They’ll take a deep breath, I think, but they’ll know what to do.

They will fly.

I wish I could do the same. I wish I could find some kind of old-woman wings that would lift me gently over the deeply painful decision of where my Mom will spend the last days of her long life. I wish I knew how to fly out of this childhood nest, and how to fulfill my responsibilities as a human being to the one who gave me this life.

I stand on the edge of this next phase of life. But I am far too afraid to fly.

For the First Time, I Do Not Want to Be Just Like My Mom


My mother was beautiful. She was elegant and stylish. She always looked immaculately put together and ready for anything.

She was a wonderful cook, and was able to keep 6 kids and our Dad happy, well fed, and healthy on a very tight budget.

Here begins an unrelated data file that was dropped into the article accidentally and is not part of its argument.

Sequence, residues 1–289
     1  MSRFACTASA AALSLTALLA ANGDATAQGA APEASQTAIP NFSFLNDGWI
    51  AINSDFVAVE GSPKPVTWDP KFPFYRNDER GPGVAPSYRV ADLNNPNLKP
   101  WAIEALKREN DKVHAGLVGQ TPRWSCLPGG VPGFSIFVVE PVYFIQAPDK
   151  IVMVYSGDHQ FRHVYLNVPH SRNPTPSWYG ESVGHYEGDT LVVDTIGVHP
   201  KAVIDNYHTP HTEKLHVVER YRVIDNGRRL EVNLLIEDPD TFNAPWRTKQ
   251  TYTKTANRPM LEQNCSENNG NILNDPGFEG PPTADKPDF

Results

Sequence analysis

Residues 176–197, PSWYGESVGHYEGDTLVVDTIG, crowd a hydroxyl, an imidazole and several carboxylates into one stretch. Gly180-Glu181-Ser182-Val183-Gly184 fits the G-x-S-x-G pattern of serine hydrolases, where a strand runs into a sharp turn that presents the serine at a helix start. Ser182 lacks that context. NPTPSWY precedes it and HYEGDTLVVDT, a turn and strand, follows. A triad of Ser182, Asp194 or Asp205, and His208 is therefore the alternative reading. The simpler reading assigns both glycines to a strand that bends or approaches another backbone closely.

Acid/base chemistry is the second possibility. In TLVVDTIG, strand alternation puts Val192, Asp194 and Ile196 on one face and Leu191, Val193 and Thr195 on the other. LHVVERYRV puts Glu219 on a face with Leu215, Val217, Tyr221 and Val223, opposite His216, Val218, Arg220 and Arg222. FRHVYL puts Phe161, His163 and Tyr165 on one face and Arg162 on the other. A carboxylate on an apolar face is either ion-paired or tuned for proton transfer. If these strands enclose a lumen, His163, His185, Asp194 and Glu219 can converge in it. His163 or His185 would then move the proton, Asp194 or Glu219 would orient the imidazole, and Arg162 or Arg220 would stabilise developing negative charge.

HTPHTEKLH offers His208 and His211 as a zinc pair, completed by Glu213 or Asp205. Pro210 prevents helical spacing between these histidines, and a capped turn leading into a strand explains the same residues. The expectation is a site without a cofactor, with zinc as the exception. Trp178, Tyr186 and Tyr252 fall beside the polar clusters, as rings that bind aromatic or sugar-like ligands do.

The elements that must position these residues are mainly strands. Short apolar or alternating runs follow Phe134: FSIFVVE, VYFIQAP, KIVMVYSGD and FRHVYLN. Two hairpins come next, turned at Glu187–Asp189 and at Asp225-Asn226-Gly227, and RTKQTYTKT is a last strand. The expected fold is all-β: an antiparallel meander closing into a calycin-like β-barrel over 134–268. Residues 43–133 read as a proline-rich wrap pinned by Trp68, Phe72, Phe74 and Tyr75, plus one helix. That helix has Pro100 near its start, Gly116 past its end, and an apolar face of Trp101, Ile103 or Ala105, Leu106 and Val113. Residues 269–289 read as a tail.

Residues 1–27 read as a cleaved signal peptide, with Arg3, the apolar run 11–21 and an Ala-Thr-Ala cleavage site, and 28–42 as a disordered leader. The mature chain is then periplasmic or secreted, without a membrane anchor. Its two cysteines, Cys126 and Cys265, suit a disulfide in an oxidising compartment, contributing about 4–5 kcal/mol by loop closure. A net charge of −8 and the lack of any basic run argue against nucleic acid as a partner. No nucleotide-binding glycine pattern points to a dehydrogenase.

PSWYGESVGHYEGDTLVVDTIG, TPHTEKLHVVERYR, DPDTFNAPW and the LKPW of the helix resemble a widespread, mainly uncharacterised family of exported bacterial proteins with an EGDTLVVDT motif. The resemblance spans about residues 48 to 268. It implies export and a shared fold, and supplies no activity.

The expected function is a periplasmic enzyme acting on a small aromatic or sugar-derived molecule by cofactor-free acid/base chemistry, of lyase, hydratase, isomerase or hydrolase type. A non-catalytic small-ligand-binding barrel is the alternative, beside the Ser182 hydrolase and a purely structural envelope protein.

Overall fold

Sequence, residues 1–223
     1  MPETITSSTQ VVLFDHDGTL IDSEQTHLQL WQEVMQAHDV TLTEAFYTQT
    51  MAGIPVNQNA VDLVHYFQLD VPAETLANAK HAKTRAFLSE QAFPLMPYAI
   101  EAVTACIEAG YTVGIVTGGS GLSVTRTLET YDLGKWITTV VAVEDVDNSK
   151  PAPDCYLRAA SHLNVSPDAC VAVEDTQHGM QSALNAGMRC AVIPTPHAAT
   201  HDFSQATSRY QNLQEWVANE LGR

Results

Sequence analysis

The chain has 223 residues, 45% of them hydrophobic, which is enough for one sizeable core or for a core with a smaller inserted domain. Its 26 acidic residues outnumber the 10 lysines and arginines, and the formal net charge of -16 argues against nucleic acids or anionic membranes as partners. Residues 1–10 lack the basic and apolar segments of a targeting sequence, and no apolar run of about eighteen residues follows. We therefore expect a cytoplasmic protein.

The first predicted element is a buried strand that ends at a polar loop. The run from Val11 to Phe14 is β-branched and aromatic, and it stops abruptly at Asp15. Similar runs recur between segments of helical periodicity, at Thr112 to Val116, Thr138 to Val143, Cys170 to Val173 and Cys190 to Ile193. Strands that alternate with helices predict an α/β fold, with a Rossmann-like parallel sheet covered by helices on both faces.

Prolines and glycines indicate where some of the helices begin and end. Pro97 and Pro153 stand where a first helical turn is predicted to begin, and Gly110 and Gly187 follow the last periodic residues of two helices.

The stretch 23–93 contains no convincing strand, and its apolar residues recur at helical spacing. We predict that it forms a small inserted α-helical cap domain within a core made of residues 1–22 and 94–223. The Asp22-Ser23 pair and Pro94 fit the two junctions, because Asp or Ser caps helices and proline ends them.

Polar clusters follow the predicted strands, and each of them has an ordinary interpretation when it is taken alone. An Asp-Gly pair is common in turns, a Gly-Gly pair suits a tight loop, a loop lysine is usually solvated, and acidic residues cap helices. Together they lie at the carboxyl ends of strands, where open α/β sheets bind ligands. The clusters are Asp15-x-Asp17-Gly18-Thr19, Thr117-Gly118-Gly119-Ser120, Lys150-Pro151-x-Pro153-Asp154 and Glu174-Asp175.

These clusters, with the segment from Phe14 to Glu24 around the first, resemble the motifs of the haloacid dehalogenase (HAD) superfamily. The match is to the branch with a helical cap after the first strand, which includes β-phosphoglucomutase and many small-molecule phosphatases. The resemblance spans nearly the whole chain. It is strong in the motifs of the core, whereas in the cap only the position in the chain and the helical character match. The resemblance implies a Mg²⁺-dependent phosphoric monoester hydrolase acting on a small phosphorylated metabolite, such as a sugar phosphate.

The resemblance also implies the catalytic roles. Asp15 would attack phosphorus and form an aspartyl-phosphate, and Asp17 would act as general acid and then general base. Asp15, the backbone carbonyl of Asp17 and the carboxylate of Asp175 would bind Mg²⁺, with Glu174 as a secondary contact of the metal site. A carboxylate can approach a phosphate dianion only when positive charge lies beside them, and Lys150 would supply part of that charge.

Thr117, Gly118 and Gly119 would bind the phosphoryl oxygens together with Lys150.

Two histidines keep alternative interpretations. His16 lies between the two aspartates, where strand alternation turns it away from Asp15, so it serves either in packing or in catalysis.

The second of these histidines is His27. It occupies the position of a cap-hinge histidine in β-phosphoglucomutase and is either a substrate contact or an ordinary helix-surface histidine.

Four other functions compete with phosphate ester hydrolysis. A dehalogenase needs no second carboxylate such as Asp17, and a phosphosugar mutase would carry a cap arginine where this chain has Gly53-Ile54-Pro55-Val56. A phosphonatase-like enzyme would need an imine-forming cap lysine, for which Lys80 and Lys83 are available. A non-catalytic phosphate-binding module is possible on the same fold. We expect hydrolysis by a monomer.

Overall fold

Mom was an artist, and could paint and draw in ways that left me amazed.

As the oldest daughter in a family of six children, I grew up very much in awe of my Mother. She was fiercely opinionated, always outspoken and she never backed down from a conflict. I remember her as the champion of young girls in town when one historically snowy winter had her contacting the principal of the local Junior High School to demand that her daughters be allowed to wear pants to school. “I will send my daughters in skirts when all the boys have to walk to school with bare legs, too.”

She was my hero.

By the time I was old enough to understand the concept of time, I wanted to grow up to be exactly like my Mother. I wanted to be smart. I wanted to be artistic. I yearned to know how to cook and I was determined to become a mother myself.

So much of my life has seen me happily copying my Mom. So much of it has seen me wanting to echo her strength and her resilience.